COLOGNE, Germany — Oliver Reichert, the co-chief executive of Birkenstock, has a penchant for metaphors. New concept stores will act as light towers illuminating the brand’s strengths. Collaborations with designers must produce original songs, not remixes. The orthopaedic shoes themselves are like spaghetti bolognese; they nourish people but may not be pretty. And following the fashion industry’s on-and-off obsession with the 244-year-old sandal is like whale watching.
“The water is flat, so you don’t see anything, but you know they’re here,” he says, of the whales, and of the designers who periodically incorporate Birkenstock into their high-fashion collections. “And then all of a sudden you see the birds, and you know he’s coming. It goes PFFFFT out of the water and then back again.”
Birkenstock’s first fashion moment came in the 1960s, when hippies adopted the sandal, which has been an essential part of the crunchy, outdoor-living set’s uniform since. A second revival came when Gen X discovered the sandal in the 1990s. But Birkenstock’s most recent karmic run-in with fashion began when Phoebe Philo sent models down the runway donning fur-lined Birkenstocks in her Spring/Summer 2013 collection for Celine, paired with flowy satins and structured jackets that pass for business casual. Since then, fashion’s shift toward comfortable, even dowdy looks has played right into Birkenstock’s wheelhouse.
“2012 was the moment when the whale came up,” Reichert said.
We are beyond fashion. Fashion is nothing compared to everything else.
Under Reichert, who joined as co-chief executive in 2013, the brand is looking to make the most of its runway moment. Over the last five years, the company has doubled the number of styles it carries to more than 800, including a collaboration with Rick Owens. Birkenstock’s first US store will open October 1 in New York’s Soho neighbourhood. An online shop, specialising in a new luxury line and designer collaborations, called 1774 after the year Johann Birkenstock is believed to have designed the first iteration of the shoe, is scheduled to launch later this year.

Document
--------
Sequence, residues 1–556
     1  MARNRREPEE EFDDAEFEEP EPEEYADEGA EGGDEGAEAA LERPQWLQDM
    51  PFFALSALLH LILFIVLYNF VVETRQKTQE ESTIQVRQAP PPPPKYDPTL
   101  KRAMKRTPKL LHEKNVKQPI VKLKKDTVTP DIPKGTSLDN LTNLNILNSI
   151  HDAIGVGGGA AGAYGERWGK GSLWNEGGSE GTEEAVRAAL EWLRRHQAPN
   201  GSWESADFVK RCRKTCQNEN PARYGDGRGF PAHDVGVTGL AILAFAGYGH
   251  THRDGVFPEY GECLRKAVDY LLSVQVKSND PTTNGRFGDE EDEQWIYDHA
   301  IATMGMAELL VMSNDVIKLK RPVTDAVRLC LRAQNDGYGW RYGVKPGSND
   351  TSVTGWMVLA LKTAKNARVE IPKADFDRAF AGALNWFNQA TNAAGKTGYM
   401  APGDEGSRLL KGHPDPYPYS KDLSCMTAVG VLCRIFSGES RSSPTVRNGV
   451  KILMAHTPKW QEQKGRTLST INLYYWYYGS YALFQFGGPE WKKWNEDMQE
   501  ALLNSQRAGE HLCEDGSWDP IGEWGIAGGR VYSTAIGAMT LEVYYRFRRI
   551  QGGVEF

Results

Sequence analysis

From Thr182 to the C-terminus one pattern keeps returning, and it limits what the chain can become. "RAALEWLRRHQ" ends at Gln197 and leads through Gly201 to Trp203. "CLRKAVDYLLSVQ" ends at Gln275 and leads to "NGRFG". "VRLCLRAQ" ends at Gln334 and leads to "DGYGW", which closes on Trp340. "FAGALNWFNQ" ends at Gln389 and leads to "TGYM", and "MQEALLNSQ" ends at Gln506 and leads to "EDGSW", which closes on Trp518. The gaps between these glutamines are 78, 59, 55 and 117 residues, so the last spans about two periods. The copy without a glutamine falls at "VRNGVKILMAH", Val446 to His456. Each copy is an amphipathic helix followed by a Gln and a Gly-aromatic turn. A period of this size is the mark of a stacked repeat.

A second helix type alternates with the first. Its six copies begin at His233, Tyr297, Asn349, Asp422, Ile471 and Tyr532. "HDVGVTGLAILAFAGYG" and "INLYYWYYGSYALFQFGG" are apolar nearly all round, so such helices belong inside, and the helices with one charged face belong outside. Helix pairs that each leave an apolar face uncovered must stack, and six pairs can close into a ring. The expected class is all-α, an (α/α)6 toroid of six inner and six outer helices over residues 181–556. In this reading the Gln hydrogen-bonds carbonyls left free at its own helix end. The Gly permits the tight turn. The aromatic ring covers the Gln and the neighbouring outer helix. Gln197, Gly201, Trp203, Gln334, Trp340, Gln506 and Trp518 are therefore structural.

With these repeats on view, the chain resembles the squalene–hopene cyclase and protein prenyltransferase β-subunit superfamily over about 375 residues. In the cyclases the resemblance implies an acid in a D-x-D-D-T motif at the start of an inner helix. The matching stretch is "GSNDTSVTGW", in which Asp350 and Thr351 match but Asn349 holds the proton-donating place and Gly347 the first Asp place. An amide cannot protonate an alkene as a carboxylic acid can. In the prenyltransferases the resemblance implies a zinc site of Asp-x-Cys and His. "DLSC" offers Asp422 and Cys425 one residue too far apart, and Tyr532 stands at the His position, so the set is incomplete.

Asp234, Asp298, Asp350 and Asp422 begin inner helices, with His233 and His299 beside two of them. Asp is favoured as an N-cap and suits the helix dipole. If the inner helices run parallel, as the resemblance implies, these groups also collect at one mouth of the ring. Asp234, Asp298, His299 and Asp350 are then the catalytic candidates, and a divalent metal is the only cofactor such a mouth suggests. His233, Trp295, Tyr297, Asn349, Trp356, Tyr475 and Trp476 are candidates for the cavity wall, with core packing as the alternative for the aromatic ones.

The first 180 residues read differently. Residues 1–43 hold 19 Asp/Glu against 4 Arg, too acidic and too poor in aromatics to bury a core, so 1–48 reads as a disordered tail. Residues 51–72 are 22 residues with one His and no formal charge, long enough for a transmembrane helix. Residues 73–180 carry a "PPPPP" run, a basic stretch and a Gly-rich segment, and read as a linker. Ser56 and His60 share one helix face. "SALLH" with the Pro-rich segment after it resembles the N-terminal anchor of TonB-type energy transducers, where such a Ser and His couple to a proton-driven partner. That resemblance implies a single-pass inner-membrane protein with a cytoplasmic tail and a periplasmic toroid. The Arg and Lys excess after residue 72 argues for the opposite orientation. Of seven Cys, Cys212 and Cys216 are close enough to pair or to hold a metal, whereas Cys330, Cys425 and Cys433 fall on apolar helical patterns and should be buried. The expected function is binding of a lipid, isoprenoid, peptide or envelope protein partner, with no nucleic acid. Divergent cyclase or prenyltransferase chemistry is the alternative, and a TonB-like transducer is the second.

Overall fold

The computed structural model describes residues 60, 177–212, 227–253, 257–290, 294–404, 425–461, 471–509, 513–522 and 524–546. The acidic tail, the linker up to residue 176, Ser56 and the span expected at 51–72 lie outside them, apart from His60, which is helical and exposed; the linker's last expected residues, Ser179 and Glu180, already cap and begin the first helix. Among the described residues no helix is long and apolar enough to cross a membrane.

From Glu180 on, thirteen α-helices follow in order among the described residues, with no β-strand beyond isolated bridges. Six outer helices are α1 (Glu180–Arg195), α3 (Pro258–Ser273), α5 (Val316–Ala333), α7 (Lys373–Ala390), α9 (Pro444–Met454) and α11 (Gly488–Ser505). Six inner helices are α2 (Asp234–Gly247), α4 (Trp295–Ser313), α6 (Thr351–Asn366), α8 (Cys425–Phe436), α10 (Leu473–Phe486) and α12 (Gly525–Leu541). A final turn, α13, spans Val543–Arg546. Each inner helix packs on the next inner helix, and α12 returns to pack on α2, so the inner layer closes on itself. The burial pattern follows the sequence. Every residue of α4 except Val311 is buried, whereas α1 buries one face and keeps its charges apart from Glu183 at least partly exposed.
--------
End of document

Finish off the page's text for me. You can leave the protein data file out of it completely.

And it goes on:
Sales reportedly tripled between 2012 and 2016, to €750 million (about $800 million at the time). This year, Birkenstocks is slated to sell 25 million pairs of shoes. Next year, it will sell 30 million pairs, the company projects.
Birkenstock, however, is not chasing fashion, Reichert insists. “We are beyond fashion. Fashion is nothing compared to everything else,” he said.
Still, while Birkenstock has pushed fashion away in the past, Reichert, a hulking presence with red hair and a jovial manner, has gingerly embraced the industry’s affection. For instance, before Reichert and his co-chief executive, Markus Bensberg, took the reins from the family in 2013, Birkenstock didn’t have a marketing team.
They are following a path first traveled by fellow “ugly” shoe brands Tevas and Crocs, which more enthusiastically embraced fashion when it came knocking at their doors. Crocs, though younger than Birkenstock by two centuries, were designed as boating shoes, but the foam clogs have been adopted in recent years by labels including Balenciaga and Christopher Kane. After the former introduced an embellished platform version on its Spring 2018 runway last year, it retailed for $850 at Barneys New York and sold out within 24 hours. Tevas, now owned by Uggs-parent Deckers, has collaborated with the likes of Derek Lam, Opening Ceremony and Area in the past four years.
Birkenstock’s mantra to this day remains quality and functionality, the same objective that Konrad Birkenstock had in mind when he began selling the first version of the Birkenstock insole — known as the footbed — in 1896. Along the way, it gained a cult following. In the 1960s, the shoe was adopted by American designer Margot Fraser, who discovered the shoes while on holiday in Germany and convinced the company to begin distributing in Fraser’s native California. From there, Birkenstocks became a favourite among the hippie crowd — hence its granola association in popular culture — and eventually the broader market, even catching the fancy of fashion zealots from time to time, like when Kate Moss was photographed in the Face magazine wearing a pair of white Arizona sandals and cuffed jeans in a 1990 editorial.